In addition, traceability can help confirm the safety of products. Without knowing exactly what is in a beauty product, there’s always a risk of contamination, allergic reaction to something undeclared on the label, and other issues such as the use of animal testing at some point in the supply chain. Traceability allows for a greater degree of assurance for the safety of end users, those making the products, and non-human animals too.
Several traceability solutions exist, including certifications, blockchain, and deep integration. Certifications are typically used to demonstrate environmental and social commitments but can sometimes offer insight into the origin of specific ingredients. For instance, the Unique Manuka Factor (UMF) offers assurance that the manuka honey in a product is genuine, while RSPO (the Roundtable on Responsible Palm Oil) uses blockchain technology to create a traceable supply chain for palm oil and derivatives.
For many brands, the simplest and most attractive way to go, though, is deep integration. Sometimes known as vertical integration, particularly in the clothing industry, this model reduces how many people are involved in a supply chain. The brand may themselves own and operate farms supplying raw materials for end products, or they may work with a single supplier that owns and operates a farm and transforms the crops into natural compounds used directly by the brand to make their products in-house.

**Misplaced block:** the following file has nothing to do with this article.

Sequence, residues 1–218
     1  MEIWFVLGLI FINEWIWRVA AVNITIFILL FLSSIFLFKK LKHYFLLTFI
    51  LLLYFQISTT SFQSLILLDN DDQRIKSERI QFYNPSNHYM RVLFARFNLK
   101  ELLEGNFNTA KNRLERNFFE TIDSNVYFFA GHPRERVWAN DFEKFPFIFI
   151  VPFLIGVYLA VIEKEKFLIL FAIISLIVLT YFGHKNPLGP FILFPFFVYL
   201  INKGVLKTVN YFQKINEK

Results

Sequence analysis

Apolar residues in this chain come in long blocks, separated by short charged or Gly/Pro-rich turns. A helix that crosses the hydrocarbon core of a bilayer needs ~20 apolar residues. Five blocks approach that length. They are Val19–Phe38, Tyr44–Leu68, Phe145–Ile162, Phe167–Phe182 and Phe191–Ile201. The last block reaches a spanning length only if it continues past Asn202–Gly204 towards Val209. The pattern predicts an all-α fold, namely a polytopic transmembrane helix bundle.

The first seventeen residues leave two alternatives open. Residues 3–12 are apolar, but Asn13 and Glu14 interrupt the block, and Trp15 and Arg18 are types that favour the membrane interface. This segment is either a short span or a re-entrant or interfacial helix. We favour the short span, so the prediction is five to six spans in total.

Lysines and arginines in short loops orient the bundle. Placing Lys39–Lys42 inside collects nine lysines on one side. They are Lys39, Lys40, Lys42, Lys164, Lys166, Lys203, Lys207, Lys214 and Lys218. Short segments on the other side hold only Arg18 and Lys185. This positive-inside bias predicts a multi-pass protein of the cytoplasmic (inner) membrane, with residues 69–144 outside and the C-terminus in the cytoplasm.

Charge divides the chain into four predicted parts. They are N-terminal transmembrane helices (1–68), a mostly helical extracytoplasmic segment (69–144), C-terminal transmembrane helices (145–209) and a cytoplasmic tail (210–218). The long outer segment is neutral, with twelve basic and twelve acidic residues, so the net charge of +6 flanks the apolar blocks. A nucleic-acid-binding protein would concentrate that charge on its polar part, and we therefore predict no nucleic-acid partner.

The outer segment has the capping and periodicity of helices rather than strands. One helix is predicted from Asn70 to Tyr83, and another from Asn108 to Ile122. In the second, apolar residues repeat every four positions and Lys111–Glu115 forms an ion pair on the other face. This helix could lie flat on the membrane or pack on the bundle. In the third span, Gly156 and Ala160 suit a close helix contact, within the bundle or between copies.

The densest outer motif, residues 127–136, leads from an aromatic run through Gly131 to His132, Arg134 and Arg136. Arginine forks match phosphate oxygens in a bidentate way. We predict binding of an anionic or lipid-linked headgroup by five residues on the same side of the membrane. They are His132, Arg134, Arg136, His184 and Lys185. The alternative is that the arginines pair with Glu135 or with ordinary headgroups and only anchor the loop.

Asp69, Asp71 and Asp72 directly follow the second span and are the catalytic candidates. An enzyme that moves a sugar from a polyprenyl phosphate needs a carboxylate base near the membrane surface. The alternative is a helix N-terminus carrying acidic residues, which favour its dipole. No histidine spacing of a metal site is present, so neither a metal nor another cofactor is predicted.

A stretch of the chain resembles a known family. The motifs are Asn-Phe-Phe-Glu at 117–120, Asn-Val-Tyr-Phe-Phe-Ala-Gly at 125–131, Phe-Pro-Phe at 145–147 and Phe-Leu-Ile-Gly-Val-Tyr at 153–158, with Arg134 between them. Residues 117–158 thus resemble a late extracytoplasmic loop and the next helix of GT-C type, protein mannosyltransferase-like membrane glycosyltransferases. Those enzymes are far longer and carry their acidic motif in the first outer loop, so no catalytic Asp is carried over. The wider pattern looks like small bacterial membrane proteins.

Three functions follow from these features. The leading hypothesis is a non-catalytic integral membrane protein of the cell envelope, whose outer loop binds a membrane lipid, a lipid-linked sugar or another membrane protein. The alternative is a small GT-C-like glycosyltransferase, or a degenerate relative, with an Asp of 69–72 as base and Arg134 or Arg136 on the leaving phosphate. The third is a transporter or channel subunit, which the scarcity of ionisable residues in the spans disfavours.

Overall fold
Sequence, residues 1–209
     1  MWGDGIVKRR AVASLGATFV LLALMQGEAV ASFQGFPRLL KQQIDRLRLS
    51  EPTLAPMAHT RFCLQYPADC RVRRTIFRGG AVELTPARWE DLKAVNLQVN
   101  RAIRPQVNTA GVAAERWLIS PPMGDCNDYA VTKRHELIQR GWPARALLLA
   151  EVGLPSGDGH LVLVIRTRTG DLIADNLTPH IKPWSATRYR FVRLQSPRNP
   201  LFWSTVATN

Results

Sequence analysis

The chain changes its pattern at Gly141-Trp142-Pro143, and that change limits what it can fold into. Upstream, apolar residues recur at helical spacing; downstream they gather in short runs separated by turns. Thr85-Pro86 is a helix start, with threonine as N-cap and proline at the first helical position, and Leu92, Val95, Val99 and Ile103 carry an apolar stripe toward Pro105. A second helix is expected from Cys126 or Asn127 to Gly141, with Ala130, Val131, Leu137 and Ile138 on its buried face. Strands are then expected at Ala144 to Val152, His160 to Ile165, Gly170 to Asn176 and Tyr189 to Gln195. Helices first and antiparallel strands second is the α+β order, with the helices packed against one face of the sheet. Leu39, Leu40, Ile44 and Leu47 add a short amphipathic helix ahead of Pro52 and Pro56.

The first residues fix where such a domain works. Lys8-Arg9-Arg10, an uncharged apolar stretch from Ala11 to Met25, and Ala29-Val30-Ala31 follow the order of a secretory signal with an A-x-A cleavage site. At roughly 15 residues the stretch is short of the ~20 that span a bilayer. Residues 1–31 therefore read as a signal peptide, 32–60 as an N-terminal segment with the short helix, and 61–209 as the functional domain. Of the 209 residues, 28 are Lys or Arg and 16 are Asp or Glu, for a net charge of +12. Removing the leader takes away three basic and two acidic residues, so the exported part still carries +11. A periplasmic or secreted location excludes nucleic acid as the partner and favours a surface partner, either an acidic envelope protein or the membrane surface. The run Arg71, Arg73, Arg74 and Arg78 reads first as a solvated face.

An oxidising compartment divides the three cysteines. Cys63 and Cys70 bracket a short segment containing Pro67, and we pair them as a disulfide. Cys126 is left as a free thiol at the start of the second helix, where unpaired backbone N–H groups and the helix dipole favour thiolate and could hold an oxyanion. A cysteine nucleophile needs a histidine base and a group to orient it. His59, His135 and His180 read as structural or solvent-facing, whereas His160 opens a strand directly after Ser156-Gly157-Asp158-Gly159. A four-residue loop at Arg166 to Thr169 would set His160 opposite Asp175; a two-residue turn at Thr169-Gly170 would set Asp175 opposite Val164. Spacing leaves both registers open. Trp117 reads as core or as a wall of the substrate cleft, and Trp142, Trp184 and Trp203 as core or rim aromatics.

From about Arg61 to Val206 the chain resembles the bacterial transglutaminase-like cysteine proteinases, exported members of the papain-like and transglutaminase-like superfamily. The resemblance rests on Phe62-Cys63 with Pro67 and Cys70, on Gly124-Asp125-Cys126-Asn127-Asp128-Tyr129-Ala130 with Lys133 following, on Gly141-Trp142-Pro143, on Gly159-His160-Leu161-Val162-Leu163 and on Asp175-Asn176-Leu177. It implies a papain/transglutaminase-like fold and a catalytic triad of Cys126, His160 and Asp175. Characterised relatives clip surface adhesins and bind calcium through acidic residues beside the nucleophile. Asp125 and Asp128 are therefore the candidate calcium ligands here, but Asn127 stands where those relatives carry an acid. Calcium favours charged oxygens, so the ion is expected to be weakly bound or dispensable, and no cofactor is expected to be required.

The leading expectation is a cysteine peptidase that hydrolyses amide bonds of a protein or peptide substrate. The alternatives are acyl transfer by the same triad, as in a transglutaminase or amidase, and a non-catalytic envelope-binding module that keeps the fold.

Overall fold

In addition to improving traceability and transparency, this model also tends to support better working conditions for farmers. It also promotes greater sustainability as suppliers care for the local community and environment where ingredients are grown and processed. For consumers, this model continues to rely on a certain degree of trust that a brand isn’t just creating clever marketing spin and that there actually is a direct supplier relationship. For the most part, asking a few questions can quickly reveal any holes in a brand’s story as genuinely sustainable operators are typically keen to share information about their relationships with farmers and communities.
At the other end of things, there are organizations such as Sourcemap which help brands trace certified raw materials and ensure fair labor conditions and wages across a supply chain. Sourcemap enables a brand to map every ingredient in every product, with verification of responsible sourcing and production, all presented in a way that is accessible to consumers.